Branded Content: Ofcom Upholds Complaints against the Alan Titchmarsh Show and the Paul O‰’grady Show

Ofcom has recently published two adjudications which give guidance on the promotion of products and services within programmes.

The following are the relevant provisions of Ofcom’s Broadcasting Code:

Rule 10.3 Products and services must not be promoted in programmes.

Rule 10.4 No undue prominence may be given in any programme to a product or service.

Undue prominence” may result from:

(i) The presence of, or reference to, a product or service (including company names, brand names, logos) in a programme where there is no editorial justification; or

(ii) The manner in which a product or service (including company names, brand names and logos) appears or is referred to in a programme.

Rule 10.5 Product placement is prohibited.

The Alan Titchmarsh Show

Viewers complained that during Alan Titchmarsh’s live interview with the actress Jane Seymour on ITV on 23 March 2009 her range of jewellery and clothing had been heavily promoted.

Viewers also complained that during Titchmarsh’s “as live” interview with the actress Stephanie Beacham on 26 March 2009 a range of skin care products had likewise been prominently promoted.

Ofcom’s Findings

Whilst there was no evidence of product placement (Rule 10.5), Ofcom upheld the complaints regarding both interviews finding that Channel TV, an ITV licence holder and the broadcaster responsible for compliance with the Code, had breached Rules 10.3 and 10.4 for the following reasons:

  1. Although the Seymour interview was live, Titchmarsh had both initiated the conversation regarding her range of clothes and had made no attempt to draw the conversation away from her commercial ventures.
  2. During the interview, Titchmarsh sought details from Seymour about the full name of her clothing range and how she came to be associated with it which Ofcom considered to be a line of questioning that had more in common with a paid-for promotion spot than a chat show.
  3. There was insufficient editorial relevance or justification for the manner and frequency of the references to Ms Seymour’s jewellery range during the programme.
  4. Whilst Ofcom noted that Stephanie Beacham “has always been famous for her good looks”, it did not accept that the programme’s references to her skin care venture were editorially justified or relevant.
  5. Ofcom was concerned that Beacham’s range of skin care products had been prominently displayed and shot on a table during the interview.
  6. Ofcom felt that the claims and endorsements Beacham had made about her skin care range during her interview were more comparable to the style and manner of a tele-shopping broadcast than a chat show.
  7. Ofcom noted that Titchmarsh had referred to the skin care company’s website by name and had directed viewers to it and found that there was insufficient editorial justification for doing so.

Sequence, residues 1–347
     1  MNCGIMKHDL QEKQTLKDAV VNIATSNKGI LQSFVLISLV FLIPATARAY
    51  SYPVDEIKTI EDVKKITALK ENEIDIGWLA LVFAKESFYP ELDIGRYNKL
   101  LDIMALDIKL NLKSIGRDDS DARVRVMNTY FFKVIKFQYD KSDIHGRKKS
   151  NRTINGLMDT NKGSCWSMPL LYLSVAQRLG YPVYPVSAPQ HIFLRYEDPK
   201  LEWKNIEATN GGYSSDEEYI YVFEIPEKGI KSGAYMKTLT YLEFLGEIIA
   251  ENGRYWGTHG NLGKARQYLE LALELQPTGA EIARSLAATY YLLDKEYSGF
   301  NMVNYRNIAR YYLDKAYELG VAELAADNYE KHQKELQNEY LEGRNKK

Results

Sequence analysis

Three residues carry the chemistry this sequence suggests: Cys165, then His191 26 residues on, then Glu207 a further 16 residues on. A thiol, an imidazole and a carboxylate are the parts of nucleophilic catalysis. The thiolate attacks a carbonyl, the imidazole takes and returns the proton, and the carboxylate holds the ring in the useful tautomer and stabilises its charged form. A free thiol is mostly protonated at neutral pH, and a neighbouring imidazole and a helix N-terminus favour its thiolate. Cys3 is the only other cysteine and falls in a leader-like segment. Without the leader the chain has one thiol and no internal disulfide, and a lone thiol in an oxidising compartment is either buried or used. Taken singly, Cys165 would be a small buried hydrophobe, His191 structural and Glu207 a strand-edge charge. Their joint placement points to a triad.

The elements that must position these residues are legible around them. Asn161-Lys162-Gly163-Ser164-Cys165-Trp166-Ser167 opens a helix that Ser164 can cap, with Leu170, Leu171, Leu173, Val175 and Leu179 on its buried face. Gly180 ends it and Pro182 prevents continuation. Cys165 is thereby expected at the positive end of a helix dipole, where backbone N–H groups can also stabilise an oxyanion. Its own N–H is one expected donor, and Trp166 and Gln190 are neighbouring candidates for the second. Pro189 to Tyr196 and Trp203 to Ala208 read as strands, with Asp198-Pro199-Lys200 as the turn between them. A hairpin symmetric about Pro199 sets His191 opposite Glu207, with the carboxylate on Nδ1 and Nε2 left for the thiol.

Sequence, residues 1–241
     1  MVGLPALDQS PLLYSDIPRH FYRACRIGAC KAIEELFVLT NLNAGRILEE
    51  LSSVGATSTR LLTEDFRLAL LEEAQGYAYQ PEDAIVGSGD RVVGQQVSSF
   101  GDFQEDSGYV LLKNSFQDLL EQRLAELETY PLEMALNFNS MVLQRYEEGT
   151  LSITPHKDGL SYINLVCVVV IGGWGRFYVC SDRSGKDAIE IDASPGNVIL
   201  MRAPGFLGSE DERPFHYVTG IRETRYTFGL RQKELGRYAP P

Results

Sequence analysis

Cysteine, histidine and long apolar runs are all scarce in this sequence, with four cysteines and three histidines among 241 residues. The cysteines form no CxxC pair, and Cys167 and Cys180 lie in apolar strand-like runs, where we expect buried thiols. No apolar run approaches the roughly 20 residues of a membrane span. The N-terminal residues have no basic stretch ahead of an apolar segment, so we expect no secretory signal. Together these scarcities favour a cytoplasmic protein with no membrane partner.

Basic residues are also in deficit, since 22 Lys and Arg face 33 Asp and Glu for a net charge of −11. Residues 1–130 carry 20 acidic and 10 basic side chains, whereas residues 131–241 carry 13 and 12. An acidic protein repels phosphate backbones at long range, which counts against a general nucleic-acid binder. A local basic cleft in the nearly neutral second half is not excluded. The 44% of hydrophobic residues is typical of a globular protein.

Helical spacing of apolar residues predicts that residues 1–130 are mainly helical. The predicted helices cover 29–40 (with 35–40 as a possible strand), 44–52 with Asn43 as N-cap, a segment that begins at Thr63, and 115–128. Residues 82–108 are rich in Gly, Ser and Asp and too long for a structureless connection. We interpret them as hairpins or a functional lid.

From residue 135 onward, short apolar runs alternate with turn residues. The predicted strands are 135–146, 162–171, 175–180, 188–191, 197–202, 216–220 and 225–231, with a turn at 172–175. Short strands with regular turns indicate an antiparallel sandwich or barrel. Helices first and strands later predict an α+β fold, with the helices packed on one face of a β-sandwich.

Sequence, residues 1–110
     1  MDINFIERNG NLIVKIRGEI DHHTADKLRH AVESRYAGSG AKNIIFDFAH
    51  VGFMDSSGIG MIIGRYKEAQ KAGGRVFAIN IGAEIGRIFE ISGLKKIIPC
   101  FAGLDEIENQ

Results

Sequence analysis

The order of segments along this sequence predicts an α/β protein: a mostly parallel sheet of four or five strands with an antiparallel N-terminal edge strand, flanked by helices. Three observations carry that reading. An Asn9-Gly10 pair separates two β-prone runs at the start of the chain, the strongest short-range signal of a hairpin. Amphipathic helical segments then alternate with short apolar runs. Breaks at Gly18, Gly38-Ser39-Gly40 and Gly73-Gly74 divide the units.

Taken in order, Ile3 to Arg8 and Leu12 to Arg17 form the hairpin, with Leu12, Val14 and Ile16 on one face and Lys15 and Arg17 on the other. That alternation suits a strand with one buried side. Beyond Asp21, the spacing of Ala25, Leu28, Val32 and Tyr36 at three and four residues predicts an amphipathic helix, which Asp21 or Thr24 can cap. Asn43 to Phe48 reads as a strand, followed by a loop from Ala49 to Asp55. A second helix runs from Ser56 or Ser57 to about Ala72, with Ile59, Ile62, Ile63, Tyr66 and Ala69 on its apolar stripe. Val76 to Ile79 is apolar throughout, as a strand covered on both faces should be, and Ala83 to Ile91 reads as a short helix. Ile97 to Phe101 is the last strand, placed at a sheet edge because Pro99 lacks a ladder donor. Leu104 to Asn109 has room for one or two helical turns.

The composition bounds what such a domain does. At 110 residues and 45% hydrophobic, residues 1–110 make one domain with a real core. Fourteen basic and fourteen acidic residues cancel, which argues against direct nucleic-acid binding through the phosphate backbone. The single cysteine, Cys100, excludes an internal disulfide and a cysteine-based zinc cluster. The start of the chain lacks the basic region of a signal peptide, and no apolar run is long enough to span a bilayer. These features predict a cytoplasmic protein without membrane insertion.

8. Ofcom noted that no mention was made during the interview that Beacham’s involvement with the skin-care products was based on a commercial arrangement with the manufacturer.

The Paul O’Grady Show

Viewers complained that during Paul O’Grady’s live show broadcast on Channel 4 on 24 March 2009 undue prominence had been given to an anti-aging serum product.

Ofcom’s Findings

  1. Ofcom found no evidence that the anti-aging product had featured in the programme as a result of a commercial arrangement and so held that there was no breach of the rule prohibiting product placement (Rule 10.5).
  2. Ofcom noted that, whilst O’Grady had deviated from the intended script, which provided for only one reference to the product, he had named the product six times in a two-minute slot which was both unjustified and unduly prominent.
  3. Ofcom was concerned that the anti-aging product’s packaging had been clearly visible throughout the shot, including by being held up to the camera by O’Grady and shot in close-up.
  4. Ofcom found that whilst O’Grady’s proclamation during the programme that the product “reduces fine lines and wrinkles in 5 minutes” was intended to be humorous, it nonetheless amounted to an advertising claim and was therefore unjustified.

Ofcom held that there was no breach of Rule 10.5 but that the broadcaster had contravened both Rule 10.3 and Rule 10.4.


These adjudications indicate that Ofcom will review programmes objectively having regard to the overall programme and its effect on, and how it will be considered by, the normal viewer. Neither the broadcaster’s nor the presenter’s intentions will be taken into consideration in determining whether or not there has been a breach of Rules 10.3 and 10.4.

Although it is common for chat show interviewees to refer to their latest venture and to other products or services, such references must be editorially justified and not unduly prominent to avoid breaching the Code. The more commercial the interviewee’s venture and the more prominent the reference is to it, the greater the risk of breaches of Rules 10.3 and 10.4.


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Bulletins are for general guidance only. Legal advice should be sought before taking action in relation to specific matters. Where reference is made to Court decisions facts referred to are those reported as found by the Court. Please note that past bulletins included in the Archive have not been updated by any subsequent changes in statute or case law.